AHRC launches pandemic culture campaign

AHRC launches pandemic culture campaign

The Arts & Humanities Research Council (AHRC) is to explore the impact of culture during the Covid-19 pandemic via a new campaign, Boundless Creativity.

The campaign aims to research and develop the role of collaboration and technology in "shaping cultural experiences" in the pandemic, while assessing their longevity in the future.

Four online projects will take place over the summer, including Weavr, an AI experience of viewing sports events, and Dinosaurs and Robots, an augmented reality experience using content from Sky, the Almeida Theatre, Science Museum Group and the Natural History Museum.

The Big Fix Up, a new Wallace and Gromit augmented reality experience, will be available to view on mobile phones from this autumn, produced in collaboration with new immersive storytelling startup Fictioneers.

The Royal Shakespeare Company will also deliver "Dream", a "wholly new interpretation of Shakespeare" using film and computer game technology, available to experience from early 2021.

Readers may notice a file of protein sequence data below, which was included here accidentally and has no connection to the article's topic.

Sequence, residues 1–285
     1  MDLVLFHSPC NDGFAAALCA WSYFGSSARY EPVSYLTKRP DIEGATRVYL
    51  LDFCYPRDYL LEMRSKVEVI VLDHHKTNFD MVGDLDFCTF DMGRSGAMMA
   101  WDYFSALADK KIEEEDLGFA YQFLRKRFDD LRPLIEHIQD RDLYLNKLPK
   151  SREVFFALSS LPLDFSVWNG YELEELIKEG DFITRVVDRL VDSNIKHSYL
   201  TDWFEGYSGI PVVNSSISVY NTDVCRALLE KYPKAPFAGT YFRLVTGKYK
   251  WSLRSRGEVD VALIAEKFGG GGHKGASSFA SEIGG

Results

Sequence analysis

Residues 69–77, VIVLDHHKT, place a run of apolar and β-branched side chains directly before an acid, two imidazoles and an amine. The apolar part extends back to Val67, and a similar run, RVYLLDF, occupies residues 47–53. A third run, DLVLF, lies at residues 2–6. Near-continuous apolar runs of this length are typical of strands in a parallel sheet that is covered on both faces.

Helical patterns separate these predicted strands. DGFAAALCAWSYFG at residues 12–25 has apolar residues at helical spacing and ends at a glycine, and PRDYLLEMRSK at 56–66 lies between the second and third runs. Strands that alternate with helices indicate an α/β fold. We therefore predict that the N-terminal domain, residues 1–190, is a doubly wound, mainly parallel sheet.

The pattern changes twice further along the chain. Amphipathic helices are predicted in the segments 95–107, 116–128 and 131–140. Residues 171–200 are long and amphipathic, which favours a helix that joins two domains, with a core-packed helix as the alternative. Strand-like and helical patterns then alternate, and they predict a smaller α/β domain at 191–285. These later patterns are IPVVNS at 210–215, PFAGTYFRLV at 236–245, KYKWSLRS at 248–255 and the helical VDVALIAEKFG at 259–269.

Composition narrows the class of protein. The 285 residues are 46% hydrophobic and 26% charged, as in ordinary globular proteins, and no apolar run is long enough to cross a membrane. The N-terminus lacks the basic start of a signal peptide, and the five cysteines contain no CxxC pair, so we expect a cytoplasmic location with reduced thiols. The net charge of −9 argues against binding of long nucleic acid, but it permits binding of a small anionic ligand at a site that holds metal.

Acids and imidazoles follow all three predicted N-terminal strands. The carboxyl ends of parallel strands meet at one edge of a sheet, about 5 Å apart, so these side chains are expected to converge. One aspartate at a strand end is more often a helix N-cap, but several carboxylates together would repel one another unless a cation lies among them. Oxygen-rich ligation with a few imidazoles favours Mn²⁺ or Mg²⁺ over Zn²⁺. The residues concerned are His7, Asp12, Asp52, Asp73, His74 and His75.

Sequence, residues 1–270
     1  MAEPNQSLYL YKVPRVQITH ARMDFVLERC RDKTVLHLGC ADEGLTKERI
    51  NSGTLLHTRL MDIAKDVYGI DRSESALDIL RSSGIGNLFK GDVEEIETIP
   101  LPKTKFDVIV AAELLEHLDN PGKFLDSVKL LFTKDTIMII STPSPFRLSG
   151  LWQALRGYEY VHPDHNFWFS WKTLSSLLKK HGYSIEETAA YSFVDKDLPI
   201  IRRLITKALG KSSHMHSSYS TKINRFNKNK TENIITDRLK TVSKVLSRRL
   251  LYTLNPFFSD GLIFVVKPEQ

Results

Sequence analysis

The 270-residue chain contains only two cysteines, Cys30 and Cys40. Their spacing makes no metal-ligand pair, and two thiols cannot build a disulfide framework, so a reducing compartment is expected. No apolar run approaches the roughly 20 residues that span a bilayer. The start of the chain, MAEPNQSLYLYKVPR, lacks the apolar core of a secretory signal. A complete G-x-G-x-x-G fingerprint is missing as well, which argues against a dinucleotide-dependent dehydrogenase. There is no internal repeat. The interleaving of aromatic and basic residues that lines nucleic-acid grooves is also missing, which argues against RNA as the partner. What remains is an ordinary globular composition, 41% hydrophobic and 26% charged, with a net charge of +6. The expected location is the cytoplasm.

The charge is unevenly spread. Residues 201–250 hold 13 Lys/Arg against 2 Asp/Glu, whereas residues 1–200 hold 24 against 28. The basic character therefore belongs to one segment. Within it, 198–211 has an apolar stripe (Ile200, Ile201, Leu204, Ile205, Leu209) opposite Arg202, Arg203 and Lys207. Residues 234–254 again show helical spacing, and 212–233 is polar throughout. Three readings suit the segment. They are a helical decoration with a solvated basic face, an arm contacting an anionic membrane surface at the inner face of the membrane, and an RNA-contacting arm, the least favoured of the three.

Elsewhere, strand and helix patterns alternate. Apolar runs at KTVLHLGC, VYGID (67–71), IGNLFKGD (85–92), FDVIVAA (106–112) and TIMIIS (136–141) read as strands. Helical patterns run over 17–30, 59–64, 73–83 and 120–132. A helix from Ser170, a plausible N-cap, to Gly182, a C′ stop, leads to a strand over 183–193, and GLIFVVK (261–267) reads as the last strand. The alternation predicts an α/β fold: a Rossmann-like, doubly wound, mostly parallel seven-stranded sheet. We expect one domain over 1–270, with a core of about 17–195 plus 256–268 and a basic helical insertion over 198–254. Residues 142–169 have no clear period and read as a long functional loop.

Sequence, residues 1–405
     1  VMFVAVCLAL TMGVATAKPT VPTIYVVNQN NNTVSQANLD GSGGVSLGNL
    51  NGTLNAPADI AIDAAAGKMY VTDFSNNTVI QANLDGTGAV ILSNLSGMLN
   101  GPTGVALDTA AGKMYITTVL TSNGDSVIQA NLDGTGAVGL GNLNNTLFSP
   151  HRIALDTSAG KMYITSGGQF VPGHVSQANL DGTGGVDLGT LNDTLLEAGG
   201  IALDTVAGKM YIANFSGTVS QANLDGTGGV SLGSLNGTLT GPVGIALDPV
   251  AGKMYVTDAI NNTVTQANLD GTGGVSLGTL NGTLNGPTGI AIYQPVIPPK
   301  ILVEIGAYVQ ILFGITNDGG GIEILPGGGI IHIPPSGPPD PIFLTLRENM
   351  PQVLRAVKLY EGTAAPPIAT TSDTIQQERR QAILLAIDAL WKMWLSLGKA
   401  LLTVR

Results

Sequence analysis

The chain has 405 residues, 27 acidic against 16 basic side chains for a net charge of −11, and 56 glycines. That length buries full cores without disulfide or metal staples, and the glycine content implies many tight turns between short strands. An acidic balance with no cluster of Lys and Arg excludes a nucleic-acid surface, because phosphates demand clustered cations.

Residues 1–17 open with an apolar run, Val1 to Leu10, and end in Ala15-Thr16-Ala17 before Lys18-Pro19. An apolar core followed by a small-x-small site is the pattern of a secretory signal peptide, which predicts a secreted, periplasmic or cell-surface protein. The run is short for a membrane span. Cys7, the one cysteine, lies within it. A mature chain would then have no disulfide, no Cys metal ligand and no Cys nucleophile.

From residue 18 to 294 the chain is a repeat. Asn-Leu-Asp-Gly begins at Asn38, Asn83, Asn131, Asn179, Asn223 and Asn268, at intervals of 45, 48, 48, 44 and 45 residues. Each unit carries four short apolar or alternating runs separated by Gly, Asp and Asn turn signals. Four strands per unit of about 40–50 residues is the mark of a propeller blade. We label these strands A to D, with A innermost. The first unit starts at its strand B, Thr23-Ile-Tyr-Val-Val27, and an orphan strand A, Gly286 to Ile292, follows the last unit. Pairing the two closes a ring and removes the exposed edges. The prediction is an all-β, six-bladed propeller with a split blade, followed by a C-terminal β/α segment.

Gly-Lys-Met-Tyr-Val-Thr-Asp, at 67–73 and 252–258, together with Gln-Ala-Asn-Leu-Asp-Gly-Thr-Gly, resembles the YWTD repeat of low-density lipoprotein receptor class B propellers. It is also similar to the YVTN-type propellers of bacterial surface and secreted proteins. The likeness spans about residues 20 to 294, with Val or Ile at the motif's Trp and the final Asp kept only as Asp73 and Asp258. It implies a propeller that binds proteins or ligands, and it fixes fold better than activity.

AHRC c.e.o. Andrew Thompson said: “I’m genuinely proud of the way in which in these Boundless projects demonstrate how the Arts & Humanities Research Council—and the researchers we support—are helping cultural organisations and the creative industries across the UK to innovate and collaborate through this crisis, and also to provide a richer and more complete evidence base to government for their recovery and future growth.” 

The campaign is backed by including public figures including historian Mary Beard, 2019 Booker prize winner Bernardine Evaristo, poet and novelist Ben Okri and actor Fiona Shaw.

This year's digital iteration of the Hay Festival was also developed in partnership with the AHRC and the Wordsworth Trust, and will feature a gala reading of Wordsworth's poetry by actors and authors including Simon Armitage and Margaret Atwood.

Science, research and innovation minister Amanda Solloway said: “As we have all been staying home to protect the NHS, innovations in our creative industries have played an ever-greater, and ever more important, role in our lives.

"From bringing immersive experiences into people’s front rooms to offering some of the country’s most famous art collections online, Boundless Creativity projects are helping to reshape cultural experiences for these unprecedented times, supporting our wellbeing and the financial future of a critical sector of our economy."